Fiber for preventing heart disease

If we were to sit down and have a "heart to heart," I would tell you that one of the best things that you could do on your own to protect your heart is to follow a high-fiber diet. Numerous studies have produced compelling evidence to support this. In a Harvard study of over 40,000 male health professionals, researchers found that a high total dietary fiber intake was linked to a 40% lower risk of coronary heart disease, compared to a low-fiber intake.

Another study of over 31,000 California Seventh-day Adventists found a 44% reduced risk of nonfatal coronary heart disease and an 11% reduced risk of fatal coronary heart disease for those who ate whole wheat bread compared with those who ate white bread. One minor change in their diets provided a protective effect that could save their lives.

Another strong predictor of heart disease is abnormal blood cholesterol, LDL, and/or HDL levels. It appears that soluble fiber reduces the absorption of cholesterol in your intestines by binding with bile (which contains cholesterol) and dietary cholesterol so that the body excretes it. The oat bran and bean fiber intervention trials where dietary fiber supplementation was combined with a low-fat diet shows that reductions in total cholesterol levels ranged from 8-26%.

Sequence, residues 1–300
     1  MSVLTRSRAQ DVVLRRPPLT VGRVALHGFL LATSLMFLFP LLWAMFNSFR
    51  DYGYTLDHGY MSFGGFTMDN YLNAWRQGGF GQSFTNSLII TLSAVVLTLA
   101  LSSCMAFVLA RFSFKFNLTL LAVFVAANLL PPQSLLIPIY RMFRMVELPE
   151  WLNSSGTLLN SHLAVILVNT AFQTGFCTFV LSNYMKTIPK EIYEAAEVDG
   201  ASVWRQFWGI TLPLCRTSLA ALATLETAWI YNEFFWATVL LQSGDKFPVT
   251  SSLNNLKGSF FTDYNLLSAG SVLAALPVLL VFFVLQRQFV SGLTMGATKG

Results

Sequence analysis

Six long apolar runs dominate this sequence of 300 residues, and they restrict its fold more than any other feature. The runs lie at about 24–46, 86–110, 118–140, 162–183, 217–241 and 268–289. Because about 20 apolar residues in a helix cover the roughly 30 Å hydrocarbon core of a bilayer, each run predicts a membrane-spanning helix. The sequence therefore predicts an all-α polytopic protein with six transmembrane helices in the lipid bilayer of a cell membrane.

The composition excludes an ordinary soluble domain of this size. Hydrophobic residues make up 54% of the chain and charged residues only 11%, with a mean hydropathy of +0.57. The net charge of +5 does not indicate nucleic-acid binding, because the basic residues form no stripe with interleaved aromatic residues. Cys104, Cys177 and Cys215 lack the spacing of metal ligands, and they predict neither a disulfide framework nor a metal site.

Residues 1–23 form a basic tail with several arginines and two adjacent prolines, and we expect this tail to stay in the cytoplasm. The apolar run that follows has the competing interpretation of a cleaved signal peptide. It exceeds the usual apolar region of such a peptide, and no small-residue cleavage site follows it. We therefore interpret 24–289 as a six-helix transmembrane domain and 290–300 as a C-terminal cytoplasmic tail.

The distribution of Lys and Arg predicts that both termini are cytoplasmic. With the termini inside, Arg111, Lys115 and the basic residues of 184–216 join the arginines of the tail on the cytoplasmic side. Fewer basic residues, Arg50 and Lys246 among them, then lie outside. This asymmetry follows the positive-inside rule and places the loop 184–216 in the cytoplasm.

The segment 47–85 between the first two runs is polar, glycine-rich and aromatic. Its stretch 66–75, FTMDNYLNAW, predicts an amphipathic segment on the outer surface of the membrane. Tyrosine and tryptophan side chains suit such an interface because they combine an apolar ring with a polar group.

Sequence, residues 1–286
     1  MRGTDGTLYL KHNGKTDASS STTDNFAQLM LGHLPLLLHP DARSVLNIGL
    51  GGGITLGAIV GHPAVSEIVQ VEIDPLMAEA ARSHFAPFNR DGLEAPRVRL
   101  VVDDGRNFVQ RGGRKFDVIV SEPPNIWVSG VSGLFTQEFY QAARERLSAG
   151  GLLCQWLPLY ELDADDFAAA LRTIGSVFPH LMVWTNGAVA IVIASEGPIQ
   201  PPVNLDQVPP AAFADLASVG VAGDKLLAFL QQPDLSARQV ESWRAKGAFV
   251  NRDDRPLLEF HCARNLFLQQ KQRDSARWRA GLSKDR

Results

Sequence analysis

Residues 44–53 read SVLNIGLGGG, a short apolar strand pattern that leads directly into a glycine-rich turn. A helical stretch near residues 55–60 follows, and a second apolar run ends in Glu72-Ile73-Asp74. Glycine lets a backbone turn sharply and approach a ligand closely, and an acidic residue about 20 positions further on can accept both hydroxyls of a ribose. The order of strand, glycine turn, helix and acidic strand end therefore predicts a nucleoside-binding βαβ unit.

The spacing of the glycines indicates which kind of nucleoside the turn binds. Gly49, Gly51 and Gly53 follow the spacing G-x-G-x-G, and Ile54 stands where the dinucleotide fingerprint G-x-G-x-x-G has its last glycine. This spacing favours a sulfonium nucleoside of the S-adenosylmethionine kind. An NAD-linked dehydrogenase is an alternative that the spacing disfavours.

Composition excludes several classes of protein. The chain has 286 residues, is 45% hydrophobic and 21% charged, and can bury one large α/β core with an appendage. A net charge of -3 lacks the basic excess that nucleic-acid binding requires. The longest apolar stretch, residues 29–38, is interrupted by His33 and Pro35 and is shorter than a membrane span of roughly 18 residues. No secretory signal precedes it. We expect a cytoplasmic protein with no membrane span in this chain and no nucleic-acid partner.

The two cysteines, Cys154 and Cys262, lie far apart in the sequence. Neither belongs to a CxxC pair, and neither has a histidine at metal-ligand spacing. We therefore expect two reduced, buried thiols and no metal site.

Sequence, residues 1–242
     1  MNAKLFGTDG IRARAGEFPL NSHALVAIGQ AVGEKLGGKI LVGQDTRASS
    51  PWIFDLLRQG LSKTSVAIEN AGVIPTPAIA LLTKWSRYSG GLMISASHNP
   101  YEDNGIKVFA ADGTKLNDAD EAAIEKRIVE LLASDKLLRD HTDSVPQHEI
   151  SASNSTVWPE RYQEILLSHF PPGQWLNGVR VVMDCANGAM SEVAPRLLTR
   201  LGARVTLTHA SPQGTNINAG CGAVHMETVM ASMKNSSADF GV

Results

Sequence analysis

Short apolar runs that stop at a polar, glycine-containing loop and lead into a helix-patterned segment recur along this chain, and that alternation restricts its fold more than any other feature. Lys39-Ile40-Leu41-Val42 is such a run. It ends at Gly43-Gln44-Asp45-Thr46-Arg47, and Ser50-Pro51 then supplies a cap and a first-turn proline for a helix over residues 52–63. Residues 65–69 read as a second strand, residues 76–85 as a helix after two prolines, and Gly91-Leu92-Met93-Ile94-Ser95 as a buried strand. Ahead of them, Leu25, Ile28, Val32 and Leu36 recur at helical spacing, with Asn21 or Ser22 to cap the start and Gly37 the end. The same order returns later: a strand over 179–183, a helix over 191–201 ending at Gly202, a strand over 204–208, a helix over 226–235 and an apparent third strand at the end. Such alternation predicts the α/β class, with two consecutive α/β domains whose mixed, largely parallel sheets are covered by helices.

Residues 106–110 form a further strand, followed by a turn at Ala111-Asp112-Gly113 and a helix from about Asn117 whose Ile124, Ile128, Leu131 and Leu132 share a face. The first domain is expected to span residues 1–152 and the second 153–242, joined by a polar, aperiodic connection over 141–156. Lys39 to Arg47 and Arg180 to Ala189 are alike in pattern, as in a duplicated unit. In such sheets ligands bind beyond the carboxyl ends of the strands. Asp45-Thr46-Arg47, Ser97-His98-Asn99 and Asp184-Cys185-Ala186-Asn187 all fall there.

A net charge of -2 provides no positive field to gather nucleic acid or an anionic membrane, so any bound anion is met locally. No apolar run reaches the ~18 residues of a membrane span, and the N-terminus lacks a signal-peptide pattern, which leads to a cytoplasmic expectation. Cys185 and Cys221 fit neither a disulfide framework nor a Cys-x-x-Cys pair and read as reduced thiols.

Other studies have shown that 5 to 10 grams of soluble fiber a day decreases LDL cholesterol by about 5%. All of these benefits will occur regardless of changes in dietary fat. In a trial with low fat and low fat plus high fiber groups, the group consuming high fiber exhibited a greater average reduction (13%) in total cholesterol concentration than the low fat (9%) and the usual diet (7%) groups. It seems that you don't have to change everything to gain something.


Recommendations for fiber intake

The average American's daily intake of fiber is about 5 to 14 grams per day. The current recommendations from the National Academy of Sciences, Institute of Medicine are to achieve an adequate intake (AI) of fiber based on your gender and age. The AI is expected to meet or exceed the average amount needed to maintain a defined nutritional state or criterion of adequacy in essentially all members of a specific healthy population.